It's flu season, and the single best way to prevent the seasonal flu is by getting yearly vaccines.
The vaccine is safe and does not cause the flu. There is no live virus in the flu shot.
Plan to get shots early for you and your family for the best protection throughout the season, which ends in late winter and early spring.
The Centers for Disease Control and Prevention recommends everyone age 6 months and older to get inoculated from influenza or the contagious respiratory illness caused by viruses.
Your age and that of your children might put you and them at greater risk of having problems with the flu. Children younger than 6 months old are too young to get shots, but the best way to protect them is to make sure other people in their families get their shots.
Most children who died from the flu last season were not vaccinated, according to the CDC. For more information about pediatric deaths since the 2004-2005 flu season, visit the CDC’s interactive web tool. During a regular flu season, about 90 percent of deaths occur in people 65 years and older. Each year, more than 200,000 people are hospitalized with flu-related complications and approximately 5-20 percent of U.S. residents get the flu, according to the CDC.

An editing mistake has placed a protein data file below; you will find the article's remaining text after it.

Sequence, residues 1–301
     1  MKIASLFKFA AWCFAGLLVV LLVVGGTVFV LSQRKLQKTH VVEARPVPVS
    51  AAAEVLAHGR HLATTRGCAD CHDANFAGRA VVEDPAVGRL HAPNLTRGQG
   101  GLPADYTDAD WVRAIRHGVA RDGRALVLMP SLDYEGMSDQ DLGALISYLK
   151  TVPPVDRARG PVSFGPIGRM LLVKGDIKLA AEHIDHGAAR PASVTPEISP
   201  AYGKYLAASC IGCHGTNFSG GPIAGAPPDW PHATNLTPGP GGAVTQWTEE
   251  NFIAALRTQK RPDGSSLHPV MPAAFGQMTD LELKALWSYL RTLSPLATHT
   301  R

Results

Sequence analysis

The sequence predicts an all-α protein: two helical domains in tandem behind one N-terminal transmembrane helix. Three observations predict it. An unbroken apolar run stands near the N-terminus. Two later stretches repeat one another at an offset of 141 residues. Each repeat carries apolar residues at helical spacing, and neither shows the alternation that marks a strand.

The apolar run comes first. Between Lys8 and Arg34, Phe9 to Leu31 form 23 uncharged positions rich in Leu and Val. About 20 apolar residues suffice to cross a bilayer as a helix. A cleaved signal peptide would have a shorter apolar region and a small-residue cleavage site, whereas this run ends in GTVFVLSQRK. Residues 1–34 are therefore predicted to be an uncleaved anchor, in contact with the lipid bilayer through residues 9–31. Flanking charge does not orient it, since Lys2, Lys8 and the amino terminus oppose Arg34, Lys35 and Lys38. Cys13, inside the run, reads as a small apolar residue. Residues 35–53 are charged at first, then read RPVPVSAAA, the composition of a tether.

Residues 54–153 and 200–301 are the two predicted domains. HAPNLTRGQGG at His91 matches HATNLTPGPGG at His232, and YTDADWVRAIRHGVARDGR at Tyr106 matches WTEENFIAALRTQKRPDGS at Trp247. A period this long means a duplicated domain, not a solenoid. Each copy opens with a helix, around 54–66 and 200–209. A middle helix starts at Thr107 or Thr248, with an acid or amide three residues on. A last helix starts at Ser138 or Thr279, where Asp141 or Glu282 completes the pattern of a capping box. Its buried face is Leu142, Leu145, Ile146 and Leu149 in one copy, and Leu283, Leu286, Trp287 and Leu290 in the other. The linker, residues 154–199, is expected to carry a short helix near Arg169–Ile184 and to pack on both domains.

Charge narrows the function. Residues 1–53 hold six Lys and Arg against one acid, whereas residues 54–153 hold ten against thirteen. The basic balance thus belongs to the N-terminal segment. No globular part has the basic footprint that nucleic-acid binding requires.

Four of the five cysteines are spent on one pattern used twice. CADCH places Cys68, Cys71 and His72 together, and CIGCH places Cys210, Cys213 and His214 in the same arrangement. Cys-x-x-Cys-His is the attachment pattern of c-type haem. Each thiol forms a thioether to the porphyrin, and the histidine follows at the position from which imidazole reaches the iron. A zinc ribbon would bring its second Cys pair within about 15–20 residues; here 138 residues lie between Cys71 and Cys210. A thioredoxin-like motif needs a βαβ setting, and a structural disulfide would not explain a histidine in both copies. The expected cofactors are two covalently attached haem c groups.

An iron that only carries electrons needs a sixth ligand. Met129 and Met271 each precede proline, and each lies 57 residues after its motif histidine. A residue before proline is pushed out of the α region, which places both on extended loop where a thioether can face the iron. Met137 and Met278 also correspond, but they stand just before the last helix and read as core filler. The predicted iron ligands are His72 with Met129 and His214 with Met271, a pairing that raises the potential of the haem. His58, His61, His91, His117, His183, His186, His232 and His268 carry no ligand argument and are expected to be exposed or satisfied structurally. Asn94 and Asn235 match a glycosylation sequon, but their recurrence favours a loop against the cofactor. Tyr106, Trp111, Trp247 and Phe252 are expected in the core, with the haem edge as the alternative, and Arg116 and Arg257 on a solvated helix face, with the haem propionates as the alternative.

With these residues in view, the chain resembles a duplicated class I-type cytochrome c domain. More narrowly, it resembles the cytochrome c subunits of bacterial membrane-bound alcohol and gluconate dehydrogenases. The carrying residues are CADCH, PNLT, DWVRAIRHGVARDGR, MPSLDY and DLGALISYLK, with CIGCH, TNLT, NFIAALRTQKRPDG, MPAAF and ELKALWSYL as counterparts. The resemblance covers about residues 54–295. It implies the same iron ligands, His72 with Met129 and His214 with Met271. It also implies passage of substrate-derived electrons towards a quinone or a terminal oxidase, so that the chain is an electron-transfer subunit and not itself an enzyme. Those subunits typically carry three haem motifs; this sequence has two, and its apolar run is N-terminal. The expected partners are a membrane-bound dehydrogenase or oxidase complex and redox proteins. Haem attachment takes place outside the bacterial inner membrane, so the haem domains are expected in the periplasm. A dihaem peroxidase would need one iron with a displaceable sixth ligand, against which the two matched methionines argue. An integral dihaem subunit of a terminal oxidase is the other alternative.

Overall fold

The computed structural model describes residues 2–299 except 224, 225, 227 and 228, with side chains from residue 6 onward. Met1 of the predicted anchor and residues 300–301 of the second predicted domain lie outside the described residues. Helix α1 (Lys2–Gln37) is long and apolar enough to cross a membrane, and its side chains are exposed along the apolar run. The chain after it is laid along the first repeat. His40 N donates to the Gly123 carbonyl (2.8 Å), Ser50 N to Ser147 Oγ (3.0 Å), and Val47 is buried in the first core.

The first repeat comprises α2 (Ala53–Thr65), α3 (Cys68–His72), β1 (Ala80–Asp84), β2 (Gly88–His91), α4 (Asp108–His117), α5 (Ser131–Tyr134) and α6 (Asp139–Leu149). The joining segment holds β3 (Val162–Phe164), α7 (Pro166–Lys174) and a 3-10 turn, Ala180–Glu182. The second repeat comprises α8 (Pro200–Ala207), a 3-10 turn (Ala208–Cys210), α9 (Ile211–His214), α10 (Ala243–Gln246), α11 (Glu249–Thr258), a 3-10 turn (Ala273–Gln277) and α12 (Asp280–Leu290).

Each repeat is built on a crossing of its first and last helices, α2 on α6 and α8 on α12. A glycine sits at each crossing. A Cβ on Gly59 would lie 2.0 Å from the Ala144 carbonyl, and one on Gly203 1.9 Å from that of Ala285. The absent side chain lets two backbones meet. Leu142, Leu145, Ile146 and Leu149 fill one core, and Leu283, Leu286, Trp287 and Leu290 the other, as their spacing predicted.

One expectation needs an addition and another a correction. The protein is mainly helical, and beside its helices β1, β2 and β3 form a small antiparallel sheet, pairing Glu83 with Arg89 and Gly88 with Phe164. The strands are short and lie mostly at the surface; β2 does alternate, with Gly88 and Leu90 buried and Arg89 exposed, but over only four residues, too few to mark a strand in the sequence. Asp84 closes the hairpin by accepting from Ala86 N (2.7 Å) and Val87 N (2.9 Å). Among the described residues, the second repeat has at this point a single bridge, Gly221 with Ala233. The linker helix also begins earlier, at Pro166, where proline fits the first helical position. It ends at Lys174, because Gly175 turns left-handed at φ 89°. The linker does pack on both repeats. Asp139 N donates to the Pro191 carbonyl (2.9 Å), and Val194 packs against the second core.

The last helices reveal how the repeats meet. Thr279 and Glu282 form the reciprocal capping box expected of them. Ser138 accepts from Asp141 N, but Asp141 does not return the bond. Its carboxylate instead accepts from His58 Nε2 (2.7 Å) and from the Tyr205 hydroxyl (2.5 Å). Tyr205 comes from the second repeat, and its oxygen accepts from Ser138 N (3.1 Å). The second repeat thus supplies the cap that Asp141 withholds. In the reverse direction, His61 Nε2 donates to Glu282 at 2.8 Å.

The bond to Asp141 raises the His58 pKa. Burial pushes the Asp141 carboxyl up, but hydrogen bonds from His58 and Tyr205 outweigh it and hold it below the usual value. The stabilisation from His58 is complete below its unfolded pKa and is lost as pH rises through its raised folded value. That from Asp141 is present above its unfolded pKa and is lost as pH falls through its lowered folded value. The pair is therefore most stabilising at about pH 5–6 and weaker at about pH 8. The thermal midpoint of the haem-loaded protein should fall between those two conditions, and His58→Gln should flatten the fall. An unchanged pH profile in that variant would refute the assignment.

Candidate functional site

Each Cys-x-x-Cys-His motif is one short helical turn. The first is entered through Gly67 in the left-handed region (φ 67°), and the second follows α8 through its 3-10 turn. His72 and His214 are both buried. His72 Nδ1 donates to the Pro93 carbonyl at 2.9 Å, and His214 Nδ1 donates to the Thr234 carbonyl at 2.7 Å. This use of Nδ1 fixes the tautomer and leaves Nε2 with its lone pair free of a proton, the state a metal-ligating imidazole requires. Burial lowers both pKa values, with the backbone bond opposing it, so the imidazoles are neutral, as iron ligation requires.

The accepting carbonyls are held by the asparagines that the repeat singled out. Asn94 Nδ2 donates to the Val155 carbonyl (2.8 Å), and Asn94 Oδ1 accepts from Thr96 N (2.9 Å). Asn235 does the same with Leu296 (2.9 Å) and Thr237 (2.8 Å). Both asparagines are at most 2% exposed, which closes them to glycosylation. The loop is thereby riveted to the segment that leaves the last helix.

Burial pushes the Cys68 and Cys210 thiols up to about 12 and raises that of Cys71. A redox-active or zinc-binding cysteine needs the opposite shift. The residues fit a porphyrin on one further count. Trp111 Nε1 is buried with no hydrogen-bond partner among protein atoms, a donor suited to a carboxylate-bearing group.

Resources for keeping your family flu free:
Plan to get your flu vaccines early if you or your children are part of one of the following groups:
- Pregnant women
- Children 6 months and older; consult a pediatrician to confirm if your child requires two doses given at least 28 days apart
- Anyone 6 months or older with a chronic health problem such as asthma, kidney disorders, heart disease, cancer or an impaired immune system as they are at higher risk for problems from the flu
- Adults 50 or older who may be at high risk to get flu complications
“Severe influenza complications are most common in children younger than 2 years old,” according to the CDC.
Each year, about 20,000 children under the age of 5 are hospitalized because of flu-related complications.
The flu comes on suddenly and causes mild to severe illness, including death. People who have the flu may feel or show some of the following symptoms:
- Chills or feverish
- Sore throat
- Runny or stuffy nose
- Muscle or body aches
- Fatigue (tiredness)
- Vomiting and diarrhea
In addition to vaccines, the best ways to prevent transmission is prolonged and thorough hand washing using soap and water or alcohol-based hand sanitizers as well as practicing good health habits, and try to avoid close contact with sick people.